The protein-coding genes represent <2% of the eukaryotic genome as ~98% of the transcriptional output is non-coding (nc) RNAs. The ncRNAs are currently considered as the master controllers of the transcription and translation and hence any disruption in their function could lead to severe compromises in cellular homeostasis. Despite their abundance and paramount functional importance, very few studies to date evaluated the significance of ncRNAs in acute brain damage. We and others recently showed that miRNA expression profiles alter extensively following stroke;and modulating specific miRNAs induce neuroprotection. These studies indicate the role of ncRNAs in ischemic pathophysiology, but the significance of other ncRNAs like piwi-interacting RNA (piRNA) to ischemic brain damage is not evaluated yet. The piRNAs (26 to 31 nt long) are the most abundant of all ncRNAs with >40,000 piRNAs identified so far in eukaryotes. The major function attributed to them is to selectively target and silence the RNAs formed by the retrotransposons (RTs). As RTs are the predominant class of transposons (jumping genes) which mutate and disrupt the protein-coding genes, the piRNAs balance the fitness of the genome to maintain the cellular equilibrium. We hypothesize that """"""""Focal ischemia alters cerebral piRNAome with functional significance to ischemic brain damage"""""""". In preliminary studies, we observed that >10% of the 40,000 piRNAs evaluated are expressed in rat cerebral cortex. Furthermore, when rats were subjected to focal ischemia, 106 cortical piRNAs were either up- or down-regulated (>2.5 fold). Bioinformatics showed that stroke- responsive piRNAs have several RT targets distributed throughout the genome, and the promoters of those piRNAs contain binding sites for multiple transcription factors.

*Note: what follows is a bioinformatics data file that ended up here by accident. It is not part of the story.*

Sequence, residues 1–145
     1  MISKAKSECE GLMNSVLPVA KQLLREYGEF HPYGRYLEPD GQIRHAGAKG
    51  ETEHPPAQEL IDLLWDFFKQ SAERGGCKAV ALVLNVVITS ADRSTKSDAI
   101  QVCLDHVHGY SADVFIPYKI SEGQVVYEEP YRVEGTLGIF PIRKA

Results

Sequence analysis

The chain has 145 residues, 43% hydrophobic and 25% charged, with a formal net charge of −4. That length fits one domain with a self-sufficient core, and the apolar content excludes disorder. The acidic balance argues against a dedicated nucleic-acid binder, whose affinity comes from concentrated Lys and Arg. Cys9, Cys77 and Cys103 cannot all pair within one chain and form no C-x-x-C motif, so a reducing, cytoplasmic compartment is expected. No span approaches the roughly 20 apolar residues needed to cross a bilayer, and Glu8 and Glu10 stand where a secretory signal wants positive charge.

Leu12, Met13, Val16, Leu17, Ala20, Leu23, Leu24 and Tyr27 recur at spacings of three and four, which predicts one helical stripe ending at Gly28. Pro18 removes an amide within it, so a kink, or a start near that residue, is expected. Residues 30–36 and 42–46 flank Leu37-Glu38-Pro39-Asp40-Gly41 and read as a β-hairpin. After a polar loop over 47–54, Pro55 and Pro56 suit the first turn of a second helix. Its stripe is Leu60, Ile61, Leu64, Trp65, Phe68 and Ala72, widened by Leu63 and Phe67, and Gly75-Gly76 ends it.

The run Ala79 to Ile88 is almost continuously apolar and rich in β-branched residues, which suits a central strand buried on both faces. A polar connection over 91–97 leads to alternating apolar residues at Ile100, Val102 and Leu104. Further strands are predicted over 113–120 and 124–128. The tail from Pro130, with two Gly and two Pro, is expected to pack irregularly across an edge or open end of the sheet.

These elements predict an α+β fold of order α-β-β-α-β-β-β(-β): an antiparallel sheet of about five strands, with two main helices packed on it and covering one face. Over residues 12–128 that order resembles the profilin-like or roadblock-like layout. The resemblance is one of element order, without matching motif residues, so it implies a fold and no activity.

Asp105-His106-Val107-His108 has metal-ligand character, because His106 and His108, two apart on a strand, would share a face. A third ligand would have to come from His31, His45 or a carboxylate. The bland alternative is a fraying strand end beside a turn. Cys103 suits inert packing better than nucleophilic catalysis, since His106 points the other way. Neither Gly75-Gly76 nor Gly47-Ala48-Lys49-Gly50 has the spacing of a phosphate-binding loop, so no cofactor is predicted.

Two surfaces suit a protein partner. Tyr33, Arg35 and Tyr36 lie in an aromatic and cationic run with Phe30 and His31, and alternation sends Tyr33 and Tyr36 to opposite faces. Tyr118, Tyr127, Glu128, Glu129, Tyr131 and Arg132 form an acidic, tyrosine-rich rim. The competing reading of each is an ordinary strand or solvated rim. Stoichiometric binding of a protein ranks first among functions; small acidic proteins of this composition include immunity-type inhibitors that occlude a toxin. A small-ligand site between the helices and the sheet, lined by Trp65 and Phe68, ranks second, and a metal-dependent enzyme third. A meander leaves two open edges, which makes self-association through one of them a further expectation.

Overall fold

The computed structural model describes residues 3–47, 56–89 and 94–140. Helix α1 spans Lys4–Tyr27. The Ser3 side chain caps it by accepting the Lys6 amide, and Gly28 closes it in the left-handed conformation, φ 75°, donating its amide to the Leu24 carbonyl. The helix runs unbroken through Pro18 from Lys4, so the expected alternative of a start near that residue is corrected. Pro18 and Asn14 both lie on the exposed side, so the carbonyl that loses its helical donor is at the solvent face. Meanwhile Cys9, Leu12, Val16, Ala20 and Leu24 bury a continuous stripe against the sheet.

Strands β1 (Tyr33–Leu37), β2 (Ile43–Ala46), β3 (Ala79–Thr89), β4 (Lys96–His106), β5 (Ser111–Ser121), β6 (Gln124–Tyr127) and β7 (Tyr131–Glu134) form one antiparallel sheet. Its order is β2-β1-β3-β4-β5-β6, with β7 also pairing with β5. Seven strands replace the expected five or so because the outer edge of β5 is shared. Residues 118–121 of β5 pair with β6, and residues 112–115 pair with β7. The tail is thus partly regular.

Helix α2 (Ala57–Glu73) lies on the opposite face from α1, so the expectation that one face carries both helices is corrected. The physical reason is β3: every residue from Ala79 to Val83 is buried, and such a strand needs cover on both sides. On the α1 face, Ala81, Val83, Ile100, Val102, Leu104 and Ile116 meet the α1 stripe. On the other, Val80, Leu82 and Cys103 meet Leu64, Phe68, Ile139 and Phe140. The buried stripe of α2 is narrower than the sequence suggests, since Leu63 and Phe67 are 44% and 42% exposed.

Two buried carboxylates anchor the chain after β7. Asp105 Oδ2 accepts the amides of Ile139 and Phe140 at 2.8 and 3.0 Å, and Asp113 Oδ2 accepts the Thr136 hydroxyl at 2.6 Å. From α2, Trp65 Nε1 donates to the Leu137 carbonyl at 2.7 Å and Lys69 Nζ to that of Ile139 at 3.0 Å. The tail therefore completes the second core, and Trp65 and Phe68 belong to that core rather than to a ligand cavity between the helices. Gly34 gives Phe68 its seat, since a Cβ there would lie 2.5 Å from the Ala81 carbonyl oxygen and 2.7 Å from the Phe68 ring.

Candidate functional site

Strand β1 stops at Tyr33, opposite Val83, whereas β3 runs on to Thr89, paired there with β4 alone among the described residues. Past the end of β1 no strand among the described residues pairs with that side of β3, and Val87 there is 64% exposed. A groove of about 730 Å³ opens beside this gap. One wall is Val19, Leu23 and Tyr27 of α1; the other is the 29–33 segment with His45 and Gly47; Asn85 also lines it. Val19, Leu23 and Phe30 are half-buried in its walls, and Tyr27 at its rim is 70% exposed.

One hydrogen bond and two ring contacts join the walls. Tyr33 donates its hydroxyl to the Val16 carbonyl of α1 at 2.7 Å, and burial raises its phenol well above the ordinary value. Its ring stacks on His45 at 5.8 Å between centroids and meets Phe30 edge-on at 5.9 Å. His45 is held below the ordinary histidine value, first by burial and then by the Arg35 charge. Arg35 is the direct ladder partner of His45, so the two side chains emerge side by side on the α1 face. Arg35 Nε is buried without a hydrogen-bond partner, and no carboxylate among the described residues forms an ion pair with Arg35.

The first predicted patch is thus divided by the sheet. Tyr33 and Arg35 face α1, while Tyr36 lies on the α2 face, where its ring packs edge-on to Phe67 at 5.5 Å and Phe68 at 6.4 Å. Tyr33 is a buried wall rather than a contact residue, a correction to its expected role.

Aim 1 a is to study the temporal pattern of piRNA expression profiles following transient focal ischemia.
Aim 1 b is to conduct bioinformatics analysis to find RTs targeted by piRNAs altered after ischemia.
Aim 1 c is to conduct bioinformatics analysis to identify transcription factor binding sites in the promoters of the stroke-responsive piRNAs.
Aim 2 is to test the effect of knocking-down specific piRNAs on the histological and behavioral outcomes after focal ischemia.
Aim 1 results will generate a catalog of the piRNA profiles after experimental stroke, and will identify the putative down-stream targets and upstream controllers of stroke-responsive piRNAs.
Aim 2 results will show if piRNAs have a functional significance to stroke outcome.
Stroke is a leading cause of death and disability in adult population. The mechanisms that lead to stroke-induced brain damage are not fully understood. This proposal wishes to evaluate if stroke-induced brain damage is mediated in part by a subtype of non- coding RNAs known as piRNAs.
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